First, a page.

Why 200 wins is the new 300 wins

The Houston Astros' Justin Verlander will take the mound on Thursday for his first shot at career victory No. 200. If he gets it, the baseball world will not stop to recognize the moment. Commemorative medallions will not be produced. There will not be a Justin Verlander 200th Win Bobblehead given out next year. (Well, on that last one, maybe.)

When Verlander reaches 200 wins, whether it's Thursday against the Seattle Marinersor on some future date, it will be a milestone worth marking. However, it's not the number that historically turns a lot of heads. That number would be 300, as in the hallowed 300-win club. For Verlander, 200 wins will be nice, but it seems clear that the milestone will not bring with it the hoopla that a 300th win would generate.

There isn't much we can do about that. We've always viewed 300 wins as the ultimate accomplishment for a pitcher, and it has been awhile since we had a new member of the 300-win club. The last to join was Randy Johnson back on June 4, 2009. There have been no active 300-game winners since Johnson retired after that season. It's becoming one of those old-timey barriers, things players used to do, like win 30 games in a season or hit .400. It doesn't happen anymore.

If any active player is going to reach 300 wins, Verlander is the most likely candidate, unless it's Washington's Max Scherzer. The active wins leaders are Texas' Bartolo Colon, who is 45 years old, and the Yankees' CC Sabathia, who is 38. Sabathia is still effective, but he's on a year-to-year basis as far as retirement goes, and unless he can eke out four wins between now and the end of the season, he'll have finished with single-digit W's in four of the past five seasons.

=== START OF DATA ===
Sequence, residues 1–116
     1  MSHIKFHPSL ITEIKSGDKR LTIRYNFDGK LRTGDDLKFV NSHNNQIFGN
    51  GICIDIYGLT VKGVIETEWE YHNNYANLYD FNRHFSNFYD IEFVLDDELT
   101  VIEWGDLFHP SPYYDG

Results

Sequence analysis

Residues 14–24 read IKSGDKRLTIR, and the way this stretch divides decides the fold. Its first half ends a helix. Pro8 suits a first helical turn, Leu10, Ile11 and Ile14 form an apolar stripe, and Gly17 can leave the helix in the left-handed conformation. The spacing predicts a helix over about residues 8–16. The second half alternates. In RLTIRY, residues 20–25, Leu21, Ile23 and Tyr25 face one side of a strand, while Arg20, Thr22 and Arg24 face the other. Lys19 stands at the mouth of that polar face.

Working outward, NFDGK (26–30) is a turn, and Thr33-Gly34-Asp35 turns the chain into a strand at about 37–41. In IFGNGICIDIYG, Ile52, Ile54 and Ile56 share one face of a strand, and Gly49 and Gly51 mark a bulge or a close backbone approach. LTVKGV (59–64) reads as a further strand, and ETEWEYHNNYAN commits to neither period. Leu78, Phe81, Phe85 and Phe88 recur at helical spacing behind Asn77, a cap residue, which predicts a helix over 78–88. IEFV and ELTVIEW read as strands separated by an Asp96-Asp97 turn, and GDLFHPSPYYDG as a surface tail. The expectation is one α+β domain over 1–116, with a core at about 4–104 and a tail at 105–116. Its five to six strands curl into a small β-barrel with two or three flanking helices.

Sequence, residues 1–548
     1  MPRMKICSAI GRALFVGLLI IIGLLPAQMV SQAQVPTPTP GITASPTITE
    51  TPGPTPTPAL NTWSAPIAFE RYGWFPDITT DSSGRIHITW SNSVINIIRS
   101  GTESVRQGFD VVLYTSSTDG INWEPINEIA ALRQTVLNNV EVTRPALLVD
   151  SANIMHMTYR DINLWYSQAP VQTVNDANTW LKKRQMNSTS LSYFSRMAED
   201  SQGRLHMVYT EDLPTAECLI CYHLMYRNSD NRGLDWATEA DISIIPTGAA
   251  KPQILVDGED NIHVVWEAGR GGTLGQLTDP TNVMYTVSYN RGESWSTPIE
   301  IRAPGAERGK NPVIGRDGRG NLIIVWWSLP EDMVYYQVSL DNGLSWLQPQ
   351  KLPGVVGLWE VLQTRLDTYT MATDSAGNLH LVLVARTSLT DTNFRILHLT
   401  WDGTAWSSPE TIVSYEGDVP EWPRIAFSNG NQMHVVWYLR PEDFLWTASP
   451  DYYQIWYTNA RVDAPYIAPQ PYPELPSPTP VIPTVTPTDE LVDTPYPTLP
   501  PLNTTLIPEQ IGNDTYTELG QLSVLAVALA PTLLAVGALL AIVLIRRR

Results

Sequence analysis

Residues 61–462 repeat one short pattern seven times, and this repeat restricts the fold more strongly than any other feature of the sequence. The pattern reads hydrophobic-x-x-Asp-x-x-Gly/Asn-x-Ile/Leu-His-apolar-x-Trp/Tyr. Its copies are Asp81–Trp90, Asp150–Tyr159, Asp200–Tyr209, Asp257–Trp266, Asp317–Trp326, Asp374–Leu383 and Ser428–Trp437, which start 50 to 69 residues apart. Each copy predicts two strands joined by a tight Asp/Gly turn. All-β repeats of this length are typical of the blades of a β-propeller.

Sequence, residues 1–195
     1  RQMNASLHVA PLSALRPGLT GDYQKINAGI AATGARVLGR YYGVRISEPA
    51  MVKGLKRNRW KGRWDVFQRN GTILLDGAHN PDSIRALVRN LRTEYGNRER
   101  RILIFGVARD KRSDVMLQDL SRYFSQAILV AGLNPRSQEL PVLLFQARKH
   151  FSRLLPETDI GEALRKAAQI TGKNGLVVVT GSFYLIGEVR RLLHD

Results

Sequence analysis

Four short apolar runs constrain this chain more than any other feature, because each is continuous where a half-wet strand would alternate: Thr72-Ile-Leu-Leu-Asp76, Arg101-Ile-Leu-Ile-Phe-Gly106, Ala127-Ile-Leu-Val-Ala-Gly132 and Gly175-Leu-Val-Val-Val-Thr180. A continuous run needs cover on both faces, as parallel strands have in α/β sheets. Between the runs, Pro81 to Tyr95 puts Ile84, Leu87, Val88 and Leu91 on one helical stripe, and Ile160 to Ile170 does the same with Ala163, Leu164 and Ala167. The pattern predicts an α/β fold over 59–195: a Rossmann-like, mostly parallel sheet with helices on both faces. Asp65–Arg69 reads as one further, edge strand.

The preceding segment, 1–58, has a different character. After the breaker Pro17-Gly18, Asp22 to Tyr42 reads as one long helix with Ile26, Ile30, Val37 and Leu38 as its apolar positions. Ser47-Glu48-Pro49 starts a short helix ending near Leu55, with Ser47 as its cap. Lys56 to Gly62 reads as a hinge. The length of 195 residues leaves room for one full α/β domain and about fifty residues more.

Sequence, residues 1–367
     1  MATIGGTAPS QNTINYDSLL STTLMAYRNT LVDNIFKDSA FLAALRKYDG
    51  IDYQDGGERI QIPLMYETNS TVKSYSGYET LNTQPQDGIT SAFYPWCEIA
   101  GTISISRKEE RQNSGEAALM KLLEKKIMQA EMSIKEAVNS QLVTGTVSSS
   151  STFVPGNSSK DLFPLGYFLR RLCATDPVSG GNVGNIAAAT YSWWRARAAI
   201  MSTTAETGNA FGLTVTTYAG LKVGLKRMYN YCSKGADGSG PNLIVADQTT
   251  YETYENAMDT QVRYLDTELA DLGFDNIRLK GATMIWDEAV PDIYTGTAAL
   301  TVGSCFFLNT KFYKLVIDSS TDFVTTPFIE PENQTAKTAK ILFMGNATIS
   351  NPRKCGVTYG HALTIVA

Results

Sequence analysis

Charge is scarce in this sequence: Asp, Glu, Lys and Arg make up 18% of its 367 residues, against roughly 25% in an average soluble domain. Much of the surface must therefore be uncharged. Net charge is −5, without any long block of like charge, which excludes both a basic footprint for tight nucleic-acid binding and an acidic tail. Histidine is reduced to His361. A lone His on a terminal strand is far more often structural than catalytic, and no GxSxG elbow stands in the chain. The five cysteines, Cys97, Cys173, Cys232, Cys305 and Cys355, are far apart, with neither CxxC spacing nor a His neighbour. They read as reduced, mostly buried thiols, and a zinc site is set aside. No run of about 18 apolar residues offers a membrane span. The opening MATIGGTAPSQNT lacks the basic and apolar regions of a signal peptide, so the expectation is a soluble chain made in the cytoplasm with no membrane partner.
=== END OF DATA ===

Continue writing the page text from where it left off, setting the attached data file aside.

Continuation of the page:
In the 2018 Bill James Handbook, Scherzer was given the highest probability of reaching 300 wins, at just 33 percent. He's already at 15 wins this season, so the quest is alive. Verlander was next at 15 percent, followed by Zack Greinke at 14 percent. Everyone else was in single digits or at zero.

We all know what has contributed to the slowdown of 300-game winners: Rotations are larger. Teams rely on bullpens more than ever, which leads to fewer starter decisions and more leads blown after a pitcher has left the game. We haven't had a 30-game winner since Denny McLain in 1968. Last year, no pitcher even had 30 decisions.

All this makes it worth asking: Is 200 wins the new 300?

Many of you, if you've come to the game through the prism of sabermetrics or even if you've gotten into analytics late in the game and thus revised your consideration of old standards, are saying the same thing right now. You're saying that wins don't matter. If you're Brian Kenny of the MLB Network, you're shouting, "Kill the win!"

If we're talking about one-season numbers, then yes, I have to agree with you. You have to look no further than Mets ace Jacob deGrom, who must have left his lucky rabbit's foot in Port St. Lucie, Florida, where New York trains in the spring. After throwing six shutout innings Wednesday in a Mets win over Cincinnati, deGrom has a season ERA of 1.77. His record is 6-7.